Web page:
When Urinary Tract Infections Turn Deadly
October 18, 2021
A urinary tract infection, like any infection, can progress into deadly sepsis. Do you know when to seek emergency care?
You might be hearing the words “sepsis” and “urinary tract infection” a lot right now, given former President Bill Clinton’s recent bout with both. Sepsis, the body’s overwhelming and life-threatening response to infection, affects an estimated 49 million people worldwide each year, so Clinton is not alone in his battle with this potentially deadly condition.
A urinary tract infection, commonly referred to as a UTI, is an infection of the urinary tract. The tract starts at your kidneys and continues through the ureters, the urinary bladder, and the urethra. Most often, UTIs can be managed effectively when they are identified and treated quickly. An untreated UTI may spread to the kidney and can also cause sepsis, as is the case with the former President.
Women are more likely than men to develop UTIs, however, people with external genitals are still at risk of UTIs, though they might not be as aware of this risk or familiar with the symptoms that would lead them to seek care.
Typically, a UTI can be treated with an antibiotic in just a few days. If the UTI is not recognized and treated, or if antibiotics are not effective, as can be the case if it is an antibiotic resistant bacteria, sepsis can develop.
Sepsis has taken on a few misnomers in the press, such as “a blood infection,” but it is the body’s response to an infection, not an infection itself. Patients are diagnosed with sepsis when they develop a set of signs and symptoms related to sepsis. Sepsis is not diagnosed based on an infection itself. Sepsis Alliance, the nation’s first and leading sepsis organization, launched the Sepsis: It’s About TIME™ initiative to raise awareness of sepsis and the urgent need to seek treatment when symptoms are recognized.
Signs and Symptoms of Sepsis:
- T – Temperature: higher or lower than normal
- I – Infection: may have signs and symptoms of an infection
- M – Mental decline: confused, sleepy, difficult to rouse
- E – Extremely Ill: severe pain, discomfort, shortness of breath
More than 1.7 million people in the U.S. are diagnosed with sepsis each year and 270,000 of those people die. As many as 80% of septic shock patients can be saved with rapid diagnosis and treatment, highlighting the importance of knowing when to seek emergency care for an infection, as Clinton did.
A recent awareness survey conducted on behalf of Sepsis Alliance found that only 65% of American adults recognize the word “sepsis,” and of that, those who identify as white are significantly more likely to be aware of the term “sepsis” (67%) than those who identify as Black (57%). Sepsis Alliance has become increasingly aware of disparities in healthcare based on socioeconomic status, race, ethnicity, and other factors, and has made an organization-wide commitment to equity, diversity, and inclusion (EDI) work, as all people should be provided the tools and education to recognize sepsis and seek care, saving lives and limbs.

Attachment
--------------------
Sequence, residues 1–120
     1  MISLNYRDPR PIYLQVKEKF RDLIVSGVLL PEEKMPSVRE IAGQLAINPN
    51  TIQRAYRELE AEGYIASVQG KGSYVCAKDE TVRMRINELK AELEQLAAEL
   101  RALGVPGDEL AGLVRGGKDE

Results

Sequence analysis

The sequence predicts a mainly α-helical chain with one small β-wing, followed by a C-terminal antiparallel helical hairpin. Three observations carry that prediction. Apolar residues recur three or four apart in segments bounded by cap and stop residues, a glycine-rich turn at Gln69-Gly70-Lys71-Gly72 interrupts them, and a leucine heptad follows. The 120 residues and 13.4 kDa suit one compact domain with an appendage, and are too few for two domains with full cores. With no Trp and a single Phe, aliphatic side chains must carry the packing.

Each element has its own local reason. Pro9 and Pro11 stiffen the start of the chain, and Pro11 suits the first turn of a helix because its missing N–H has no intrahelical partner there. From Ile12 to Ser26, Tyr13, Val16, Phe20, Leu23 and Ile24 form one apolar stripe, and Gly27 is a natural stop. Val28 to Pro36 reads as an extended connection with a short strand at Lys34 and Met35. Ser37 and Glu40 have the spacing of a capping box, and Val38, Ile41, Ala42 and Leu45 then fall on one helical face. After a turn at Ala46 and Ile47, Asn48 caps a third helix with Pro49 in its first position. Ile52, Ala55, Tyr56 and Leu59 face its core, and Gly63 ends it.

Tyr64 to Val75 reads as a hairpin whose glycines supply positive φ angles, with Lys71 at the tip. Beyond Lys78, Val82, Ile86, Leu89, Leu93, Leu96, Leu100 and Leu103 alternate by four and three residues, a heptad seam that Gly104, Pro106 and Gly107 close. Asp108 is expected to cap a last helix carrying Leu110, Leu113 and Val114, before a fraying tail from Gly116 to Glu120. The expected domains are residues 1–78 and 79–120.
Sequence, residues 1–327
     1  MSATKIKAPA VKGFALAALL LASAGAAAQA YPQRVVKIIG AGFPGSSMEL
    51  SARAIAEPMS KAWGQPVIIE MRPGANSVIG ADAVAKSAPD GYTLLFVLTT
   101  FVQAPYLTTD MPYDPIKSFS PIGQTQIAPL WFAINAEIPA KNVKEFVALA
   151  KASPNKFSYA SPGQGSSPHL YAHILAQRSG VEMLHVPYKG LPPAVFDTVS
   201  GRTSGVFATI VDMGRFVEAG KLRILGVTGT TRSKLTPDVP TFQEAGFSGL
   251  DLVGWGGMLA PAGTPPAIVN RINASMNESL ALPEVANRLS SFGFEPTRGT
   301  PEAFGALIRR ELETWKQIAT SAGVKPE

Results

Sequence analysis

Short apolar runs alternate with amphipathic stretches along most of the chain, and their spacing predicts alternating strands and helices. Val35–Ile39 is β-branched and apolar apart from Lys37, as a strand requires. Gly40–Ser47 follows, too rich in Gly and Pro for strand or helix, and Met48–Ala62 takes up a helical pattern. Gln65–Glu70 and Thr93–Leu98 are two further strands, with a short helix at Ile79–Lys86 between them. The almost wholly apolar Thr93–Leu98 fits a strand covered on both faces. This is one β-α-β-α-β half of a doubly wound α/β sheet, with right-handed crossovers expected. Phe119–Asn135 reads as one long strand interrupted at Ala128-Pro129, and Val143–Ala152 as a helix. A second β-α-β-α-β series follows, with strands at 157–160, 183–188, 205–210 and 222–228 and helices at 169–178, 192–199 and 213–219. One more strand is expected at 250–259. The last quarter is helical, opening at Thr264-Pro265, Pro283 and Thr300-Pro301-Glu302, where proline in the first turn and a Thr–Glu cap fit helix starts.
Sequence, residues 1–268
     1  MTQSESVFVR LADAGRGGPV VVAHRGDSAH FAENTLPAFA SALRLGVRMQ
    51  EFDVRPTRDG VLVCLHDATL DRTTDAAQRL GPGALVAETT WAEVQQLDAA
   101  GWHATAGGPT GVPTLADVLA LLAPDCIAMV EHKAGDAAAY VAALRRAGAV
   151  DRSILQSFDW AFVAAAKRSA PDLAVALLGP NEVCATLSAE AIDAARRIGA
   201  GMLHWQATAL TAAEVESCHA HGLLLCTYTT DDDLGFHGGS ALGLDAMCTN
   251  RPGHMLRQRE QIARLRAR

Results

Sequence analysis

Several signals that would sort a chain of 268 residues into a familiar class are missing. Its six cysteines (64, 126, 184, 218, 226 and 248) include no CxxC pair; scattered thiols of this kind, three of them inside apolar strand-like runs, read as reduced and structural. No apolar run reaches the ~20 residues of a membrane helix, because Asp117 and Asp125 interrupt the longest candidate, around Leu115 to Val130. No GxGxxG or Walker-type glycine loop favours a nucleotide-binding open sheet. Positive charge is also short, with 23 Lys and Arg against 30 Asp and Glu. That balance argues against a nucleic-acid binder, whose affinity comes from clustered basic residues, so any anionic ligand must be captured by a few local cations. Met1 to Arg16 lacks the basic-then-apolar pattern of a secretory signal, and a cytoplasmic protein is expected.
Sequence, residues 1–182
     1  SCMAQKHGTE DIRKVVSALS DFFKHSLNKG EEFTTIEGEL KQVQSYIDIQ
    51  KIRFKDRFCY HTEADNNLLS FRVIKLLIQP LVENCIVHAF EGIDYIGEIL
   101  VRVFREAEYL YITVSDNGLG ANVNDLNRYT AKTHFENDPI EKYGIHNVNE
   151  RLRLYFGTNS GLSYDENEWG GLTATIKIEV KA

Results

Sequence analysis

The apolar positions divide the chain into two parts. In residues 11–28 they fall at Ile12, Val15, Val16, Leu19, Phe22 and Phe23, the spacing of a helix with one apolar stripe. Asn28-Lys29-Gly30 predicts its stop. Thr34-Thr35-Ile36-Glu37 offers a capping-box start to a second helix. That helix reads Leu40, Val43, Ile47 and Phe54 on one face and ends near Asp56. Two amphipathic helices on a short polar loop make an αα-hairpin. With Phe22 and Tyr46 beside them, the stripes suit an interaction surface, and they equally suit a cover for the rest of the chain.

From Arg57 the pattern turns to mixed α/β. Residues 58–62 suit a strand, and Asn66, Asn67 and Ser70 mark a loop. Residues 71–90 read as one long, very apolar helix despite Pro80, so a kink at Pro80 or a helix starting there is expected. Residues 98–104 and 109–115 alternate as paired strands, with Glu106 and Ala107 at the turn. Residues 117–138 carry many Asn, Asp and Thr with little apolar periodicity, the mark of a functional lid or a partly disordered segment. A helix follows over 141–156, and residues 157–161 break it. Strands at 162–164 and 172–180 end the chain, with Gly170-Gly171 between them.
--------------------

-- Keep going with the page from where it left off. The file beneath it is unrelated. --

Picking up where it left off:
Sepsis Alliance wishes former President Bill Clinton a full and speedy recovery from his sepsis experience. He is only one of the millions that will face sepsis this year. As organizations, individuals, and companies, everyone can help save lives by increasing sepsis awareness, especially amongst the most vulnerable and affected populations. For more information about sepsis, and to read other stories of lives affected by sepsis, visit Sepsis.org.
- More information on sepsis and urinary tract infections: https://www.sepsis.org/sepsisand/urinary-tract-infections/
- More information on antimicrobial resistance (AMR): http://EndSuperbugs.org
- More information on sepsis: http://Sepsis.org
Sepsis Alliance, the first and leading sepsis organization in the U.S., seeks to save lives and reduce suffering by improving sepsis awareness and care. More than 1.7 million people are diagnosed with sepsis each year in the U.S. with more than 270,000 dying and over 50% of survivors experiencing post-sepsis syndrome and other lingering effects, including amputations. At Sepsis Alliance’s founding in 2003, only 19% of U.S. adults were aware of the term “sepsis.” After over ten years of educational efforts for the general public and healthcare providers through Sepsis.org, Sepsis Alliance Clinical Community, Sepsis Alliance Institute, and Sepsis Alliance Voices, awareness is at 65% with over 30,000 healthcare providers across the country having attended sepsis webinars and courses to elevate their practice and over 28 Sepsis Awareness Month state proclamations. Sepsis Alliance is a 501(c)3 nonprofit and a GuideStar Platinum Rated charity. For more information, please visit www.sepsis.org and connect with Sepsis Alliance on Facebook, Twitter, Instagram, and LinkedIn at @SepsisAlliance.